- Museum number
Digital photograph (colour); view of engraved rock art on a rock boulder (sandstone), showing landscape, David Coulson, Kathy Devlin and Mark Pupilli. The engraving shows the outlined (polished) figure of an elephant upright facing right. Eye defined by circle with small cupule inside, trunk curled towards the mouth filled with grooves representing creases. Behind elephant and under tail, three circular and one oval shapes divided in two by vertical line (faeces). Vertical crack through left side of elephant. Bubalus period. Right to the boulder, Kathy Devlin and Mark Pupilli laser-scanning the engraving. Left to the boulder, David Coulson. Wadi Beddis, Libya.
- Production date
01 March 2008 (date digitized)
November 2000 (original photograph)
File size: 57.40 megabytes
Resolution: 300 dots per inch
- Curator's comments
- The photograph shows the process of laser-scanning one of the best examples of engraved elephants in the Wadi Beddis. The laser-scanning was made in 2008, by a TARA team in collaboration with David Walton, an archaeologist and Kathy Devlin and Mark Pupilli, from Goldsmith University. Throughout the elephant’s figure can be appreciated the white points required by the laser scan.
Wadi Beddis (or Geddis) Isar, located at the northern Messak Plateau (Messak Settafet), is one of the many dry riverbeds that run east into the Murzuq erg in southwest Libya, near the borders between Algeria and Niger. The Messak, which runs southwest-northeast through the Libyan province of Fezzan, is divided in two by the Tilemsin pass, which defines two smaller plateaus (Settafet to the north and Mellet to the south). Although located to the north of the main area of engravings around the wadis Tilizaghen and Mathendous, its rock art engravings share similar features, including the distribution of depictions on vertical rocks along the wadi and the styles documented within it, mostly Bubalus, Pastoral, Tazina, Horse and Camel periods. Depictions include buffaloes, elephants, ostriches, rhinos and giraffes, along with domestic animals as camel and cows and human figures.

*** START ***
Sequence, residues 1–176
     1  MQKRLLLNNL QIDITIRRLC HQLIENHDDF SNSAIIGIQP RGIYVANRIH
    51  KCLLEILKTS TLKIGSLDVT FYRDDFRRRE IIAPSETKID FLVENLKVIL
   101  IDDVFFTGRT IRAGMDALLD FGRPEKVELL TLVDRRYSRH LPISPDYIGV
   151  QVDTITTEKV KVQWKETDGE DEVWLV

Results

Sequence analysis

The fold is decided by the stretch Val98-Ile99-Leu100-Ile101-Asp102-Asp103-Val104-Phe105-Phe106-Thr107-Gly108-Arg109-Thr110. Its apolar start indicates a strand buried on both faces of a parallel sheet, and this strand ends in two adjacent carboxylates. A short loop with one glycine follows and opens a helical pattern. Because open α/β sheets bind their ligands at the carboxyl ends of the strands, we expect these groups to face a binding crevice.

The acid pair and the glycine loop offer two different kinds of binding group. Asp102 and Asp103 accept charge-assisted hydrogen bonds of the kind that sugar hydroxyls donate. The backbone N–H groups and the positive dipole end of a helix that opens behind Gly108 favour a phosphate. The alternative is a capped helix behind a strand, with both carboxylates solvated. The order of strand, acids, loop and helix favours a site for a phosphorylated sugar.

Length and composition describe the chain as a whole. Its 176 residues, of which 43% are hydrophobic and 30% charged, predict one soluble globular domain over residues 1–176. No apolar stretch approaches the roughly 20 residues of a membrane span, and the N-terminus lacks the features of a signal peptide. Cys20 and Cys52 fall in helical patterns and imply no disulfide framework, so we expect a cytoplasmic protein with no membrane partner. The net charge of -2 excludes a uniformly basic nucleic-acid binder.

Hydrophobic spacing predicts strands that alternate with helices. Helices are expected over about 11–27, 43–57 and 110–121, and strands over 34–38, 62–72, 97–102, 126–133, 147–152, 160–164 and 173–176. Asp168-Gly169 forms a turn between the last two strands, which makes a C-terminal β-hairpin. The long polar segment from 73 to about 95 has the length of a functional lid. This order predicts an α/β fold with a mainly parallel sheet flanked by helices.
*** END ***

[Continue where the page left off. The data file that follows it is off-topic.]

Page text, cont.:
The Messak rock art has been known since Heinrich Barth’s expedition in 1850, although it wasn’t until 1932 when the engravings were systematically studied by Leo Frobenius. In more recent times the area has been extensively studied by Pesce (1969), Graziosi (1970) and Jelinek (1984, 1985). Figures appear both isolated and within complex scenes which include engraved life-size elephants, giraffes, crocodiles, buffaloes and figures which mix human and animal features (therianthropes) along with numerous figures of more modern periods as horses and camels. Most of the engravings belong to the so called Bubalus style, but Tazina, Pastoral, Horse and Camel styles are also well represented. Research at Wadi Beddis and its tributaries began later with respect to the core area around the Tilizaghen and the Mathendous wadis, with the first works taking place in the 80’s by Jelinek, Castiglioni and Negro.
- Not on display
- Acquisition date
- Africa, Oceania and the Americas
- Registration number
- Additional IDs
Previous owner/ex-collection number: LIBMES0120011 (TARA number)